As with all former refugees, a resettlement agency coordinated the first 90 days of Dhungana's new life in Columbus. The resettlement process eases them into an alien society while pushing toward self-sufficiency as quickly as possible. Agency workers pick them up at the airport, arrange housing, connect them with social services and refer them to the county's work participation program. They also provide employment and language classes. Former refugees are given $1,125 per family member, minus the amount spent on their behalf beforehand to pay deposits and purchase household items.
Even with resources from the government, resettlement agencies, charity organizations, churches and volunteers, the transition is anything but easy. Dhungana had never driven in his life and had no access to personal transportation. He and his wife both have master's degrees, but neither had manual labor experience. They landed part-time jobs at FedEx in Grove City despite lacking the skills for that work; he didn't know what a pallet jack looked like, let alone how it was used. The couple started their workdays at 1 a.m., cracking their nails and scratching their hands on the never-ending flow of boxes, the nicks made worse by the Ohio winter.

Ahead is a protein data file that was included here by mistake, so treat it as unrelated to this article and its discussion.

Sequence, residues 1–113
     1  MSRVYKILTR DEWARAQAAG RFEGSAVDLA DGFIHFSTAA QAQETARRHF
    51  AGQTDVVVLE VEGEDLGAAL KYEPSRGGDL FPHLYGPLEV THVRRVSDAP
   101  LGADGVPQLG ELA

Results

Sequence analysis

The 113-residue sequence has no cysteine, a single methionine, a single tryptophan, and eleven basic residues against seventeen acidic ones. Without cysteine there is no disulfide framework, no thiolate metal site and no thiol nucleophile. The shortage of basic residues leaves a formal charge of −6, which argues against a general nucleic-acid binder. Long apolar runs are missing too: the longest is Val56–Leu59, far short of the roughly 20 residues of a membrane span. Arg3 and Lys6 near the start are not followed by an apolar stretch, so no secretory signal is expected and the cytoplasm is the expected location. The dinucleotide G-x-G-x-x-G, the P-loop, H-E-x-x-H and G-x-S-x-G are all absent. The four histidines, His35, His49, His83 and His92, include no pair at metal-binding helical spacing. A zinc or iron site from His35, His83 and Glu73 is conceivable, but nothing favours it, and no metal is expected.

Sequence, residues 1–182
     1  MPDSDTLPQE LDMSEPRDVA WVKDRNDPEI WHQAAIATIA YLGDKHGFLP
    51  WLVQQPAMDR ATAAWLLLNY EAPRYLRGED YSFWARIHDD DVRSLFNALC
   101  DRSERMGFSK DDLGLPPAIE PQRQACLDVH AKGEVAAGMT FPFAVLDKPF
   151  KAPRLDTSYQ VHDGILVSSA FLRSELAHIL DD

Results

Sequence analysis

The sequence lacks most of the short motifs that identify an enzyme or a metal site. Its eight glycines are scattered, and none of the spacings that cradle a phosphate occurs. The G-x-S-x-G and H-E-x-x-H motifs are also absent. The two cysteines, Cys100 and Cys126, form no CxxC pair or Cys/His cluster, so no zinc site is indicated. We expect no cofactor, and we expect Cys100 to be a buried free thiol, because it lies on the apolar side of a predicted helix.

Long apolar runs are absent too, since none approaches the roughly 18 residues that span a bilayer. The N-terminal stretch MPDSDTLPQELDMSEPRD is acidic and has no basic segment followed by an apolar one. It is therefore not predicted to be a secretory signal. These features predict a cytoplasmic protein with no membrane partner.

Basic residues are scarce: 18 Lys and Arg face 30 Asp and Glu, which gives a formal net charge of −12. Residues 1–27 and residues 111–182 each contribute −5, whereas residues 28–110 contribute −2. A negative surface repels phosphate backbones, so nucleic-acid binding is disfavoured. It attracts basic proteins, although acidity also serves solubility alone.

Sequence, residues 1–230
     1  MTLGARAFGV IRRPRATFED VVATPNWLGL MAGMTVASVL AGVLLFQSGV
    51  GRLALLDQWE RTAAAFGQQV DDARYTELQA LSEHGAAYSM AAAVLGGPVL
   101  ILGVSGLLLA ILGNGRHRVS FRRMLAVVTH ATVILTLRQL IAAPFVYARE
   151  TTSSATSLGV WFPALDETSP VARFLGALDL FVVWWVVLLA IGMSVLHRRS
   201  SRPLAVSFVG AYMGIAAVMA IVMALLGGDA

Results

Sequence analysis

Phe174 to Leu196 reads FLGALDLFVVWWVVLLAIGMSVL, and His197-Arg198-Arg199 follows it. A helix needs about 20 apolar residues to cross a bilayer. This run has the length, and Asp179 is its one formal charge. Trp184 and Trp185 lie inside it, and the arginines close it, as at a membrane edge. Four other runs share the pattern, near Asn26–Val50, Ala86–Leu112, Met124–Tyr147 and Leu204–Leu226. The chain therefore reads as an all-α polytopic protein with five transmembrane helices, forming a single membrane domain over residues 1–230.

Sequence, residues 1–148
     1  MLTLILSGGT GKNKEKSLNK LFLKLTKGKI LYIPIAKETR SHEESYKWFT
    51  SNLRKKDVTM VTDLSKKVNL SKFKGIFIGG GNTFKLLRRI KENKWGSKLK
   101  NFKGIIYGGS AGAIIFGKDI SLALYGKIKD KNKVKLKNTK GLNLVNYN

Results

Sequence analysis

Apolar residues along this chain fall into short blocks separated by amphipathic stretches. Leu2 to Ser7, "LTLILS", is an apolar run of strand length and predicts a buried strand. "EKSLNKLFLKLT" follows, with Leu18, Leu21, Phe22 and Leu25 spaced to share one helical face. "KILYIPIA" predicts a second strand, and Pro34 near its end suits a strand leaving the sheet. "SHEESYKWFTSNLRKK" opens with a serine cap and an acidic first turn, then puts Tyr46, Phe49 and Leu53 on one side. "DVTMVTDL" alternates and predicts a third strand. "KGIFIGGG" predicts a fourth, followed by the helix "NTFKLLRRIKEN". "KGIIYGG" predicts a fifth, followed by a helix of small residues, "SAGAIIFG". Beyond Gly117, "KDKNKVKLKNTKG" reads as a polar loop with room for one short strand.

"We literally cried for weeks together," Dhungana says. "If there was a way to abruptly leave the country and go back, at some point we would have done it." He speaks softly in the offices at CRIS, where he now works full time to manage an employment program for the newly resettled. Former refugees frequently return to work for one of the three agencies, providing steady employment for themselves and desperately needed language skills and cultural knowledge for the next set of arrivals.
"They understand. They can relate to the experience," says Kay Lipovsky, the director of World Relief Columbus. "They may be able to have conversations on a deeper level [that] we would not be able to have because they've had that experience."
Former refugees Nadia Kasvin and Tatyana Mindlina went a step further, founding their own resettlement agency, US Together. Both women left their homes in the former Soviet Union because of Jewish persecution, arriving in the U.S. in the early 1990s. They originally started US Together in 2003 as a community organizing entity within the Russian-speaking population, but they quickly realized there was latent demand for refugee services and pivoted the organization toward resettlement needs like interpretation and integration.